Sharing a chapter I have written for The Oxford Handbook of American Election Law (Eugene Mazo, ed.) (2023, forthcoming). The chapter, among other things, stresses the ways that the U.S. Supreme Court’s current approach to the associational freedom of political parties significantly constrains party reform strategies. Given the manifest need for party regulation in the interest of a healthy democracy and the recent buzz around Lee Drutman’s report and op ed arguing for more and better parties, this seems a good time to share.
Like me, some of you may only recently have gotten interested in rank-choice voting. One-week out, I found myself curious: How is RCV playing out in Alaska? First, and foremost, the process seems to be working smoothly and the vast majority of voters are reporting the method is straightforward. With the caveat that final results will not be known until November 23, it also appears that the process this round, at least, is favoring incumbents for state-wide office. It should also be said that the incumbents appear significantly more moderate than the outside-challengers–so maybe RCV is doing what it is meant to do. Meanwhile, the Alaska statehouse appears likely to reconvene with a bipartisan majority coalition, as Alaska Democrats make gains.
Interestingly, voter turnout in Alaska this cycle appears to be “far below the high water mark set in the 2014 and 2018 midterm elections, when around 285,000 Alaskans cast their ballots.” Some are predicting that the number of Alaskans participating in this election may be the lowest since 2010. This could be a product of RCV. It could be election fatigue from the August special election. But is also could be an artifact of numbers. In 2016, Alaska adopted automatic voter registration, increasing the number of registered voters by more than 70,000. At the same time, the state has lost thousands of residents. That probably still leaves 2018 as a genuine high-water mark for midterm turnout, but it might problematize some of the other comparison points.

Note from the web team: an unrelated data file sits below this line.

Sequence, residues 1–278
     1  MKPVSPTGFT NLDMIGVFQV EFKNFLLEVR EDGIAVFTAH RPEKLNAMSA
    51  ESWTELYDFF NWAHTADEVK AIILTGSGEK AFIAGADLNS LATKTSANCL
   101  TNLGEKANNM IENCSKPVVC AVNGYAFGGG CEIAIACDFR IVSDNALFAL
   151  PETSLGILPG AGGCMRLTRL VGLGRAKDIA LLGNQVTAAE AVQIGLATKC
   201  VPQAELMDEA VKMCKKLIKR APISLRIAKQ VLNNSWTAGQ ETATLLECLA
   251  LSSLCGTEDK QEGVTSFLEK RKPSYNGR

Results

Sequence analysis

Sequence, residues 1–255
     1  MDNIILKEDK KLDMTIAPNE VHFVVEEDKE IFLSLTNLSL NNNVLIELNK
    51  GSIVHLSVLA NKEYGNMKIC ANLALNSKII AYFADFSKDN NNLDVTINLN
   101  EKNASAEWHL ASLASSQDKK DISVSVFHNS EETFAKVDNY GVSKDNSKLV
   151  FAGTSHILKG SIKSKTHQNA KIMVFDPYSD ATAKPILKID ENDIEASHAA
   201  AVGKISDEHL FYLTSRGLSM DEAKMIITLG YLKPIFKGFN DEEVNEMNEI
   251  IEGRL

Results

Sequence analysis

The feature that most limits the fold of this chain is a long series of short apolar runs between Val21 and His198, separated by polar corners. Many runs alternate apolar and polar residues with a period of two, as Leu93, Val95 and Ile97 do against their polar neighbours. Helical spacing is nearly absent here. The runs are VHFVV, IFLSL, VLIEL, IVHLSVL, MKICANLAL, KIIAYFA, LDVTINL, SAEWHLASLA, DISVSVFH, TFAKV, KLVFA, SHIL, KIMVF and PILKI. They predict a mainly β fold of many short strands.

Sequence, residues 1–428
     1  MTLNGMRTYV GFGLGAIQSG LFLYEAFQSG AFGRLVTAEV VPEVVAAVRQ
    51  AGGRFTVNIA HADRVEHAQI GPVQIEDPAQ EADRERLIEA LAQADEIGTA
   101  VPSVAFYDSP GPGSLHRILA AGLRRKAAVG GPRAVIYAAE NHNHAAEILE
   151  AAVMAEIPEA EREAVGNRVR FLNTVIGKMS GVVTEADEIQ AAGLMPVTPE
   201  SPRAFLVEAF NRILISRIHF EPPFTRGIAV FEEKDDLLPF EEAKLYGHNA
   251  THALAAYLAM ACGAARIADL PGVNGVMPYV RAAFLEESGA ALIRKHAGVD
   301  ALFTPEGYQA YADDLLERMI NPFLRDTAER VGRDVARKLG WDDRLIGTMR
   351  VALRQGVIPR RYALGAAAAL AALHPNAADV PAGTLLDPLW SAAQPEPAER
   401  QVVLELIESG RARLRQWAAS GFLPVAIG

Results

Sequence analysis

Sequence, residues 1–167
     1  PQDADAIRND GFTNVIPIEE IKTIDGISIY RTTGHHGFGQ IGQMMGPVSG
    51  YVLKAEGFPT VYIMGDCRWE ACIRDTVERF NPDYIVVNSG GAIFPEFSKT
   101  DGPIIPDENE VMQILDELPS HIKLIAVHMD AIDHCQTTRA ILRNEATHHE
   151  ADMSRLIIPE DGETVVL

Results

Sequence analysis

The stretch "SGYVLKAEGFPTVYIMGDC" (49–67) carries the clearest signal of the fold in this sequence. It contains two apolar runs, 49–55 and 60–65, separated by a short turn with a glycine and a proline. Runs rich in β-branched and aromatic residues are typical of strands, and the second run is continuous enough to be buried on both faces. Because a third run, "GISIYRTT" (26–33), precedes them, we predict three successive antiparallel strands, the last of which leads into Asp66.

Steven Mulroy has posted this draft on SSRN (National Civic Review). Here is the abstract:
The Department of Justice has never explicitly stated a policy regarding the appropriateness of alternative, non-district electoral systems, such as limited voting, cumulative voting, or preference voting, to remedy minority vote dilution under the Voting Rights Act, except to say that they may be appropriate in certain circumstances to correct the problem of under-representation of minorities. However, an examination of the Department’s administrative preclearance determinations, and the position taken during litigation, reveals certain patterns in Department treatment of these issues. Specifically, the Department supports the use of such systems, provided that the minority group is sufficiently numerous to make use of them, and provided that a sufficiently ambitious voter education program is used to ensure that voters understand them.
The Second Circuit has held that Port Chester waived its appeal. Via email I received this statement from Mike Carvin, an attorney for the village:
Statement from Michael A. Carvin, Jones Day
Counsel for Village of Port Chester
Today, the U.S. Court of Appeals for the Second Circuit issued an order granting the Department of Justice’s motion to dismiss the Village of Port Chester’s appeal. Port Chester sought to appeal the District Court’s finding that Port Chester’s at-large voting system for electing its Board of Trustees violated Section 2 of the Voting Rights Act. In a two-sentence decision, the Second Circuit held that Port Chester had waived its right to appeal.
We obviously disagree with this ruling and are disappointed with this result. We will be consulting with the Board of Trustees concerning this decision.
Cindi Ross Scope has written this column for The State.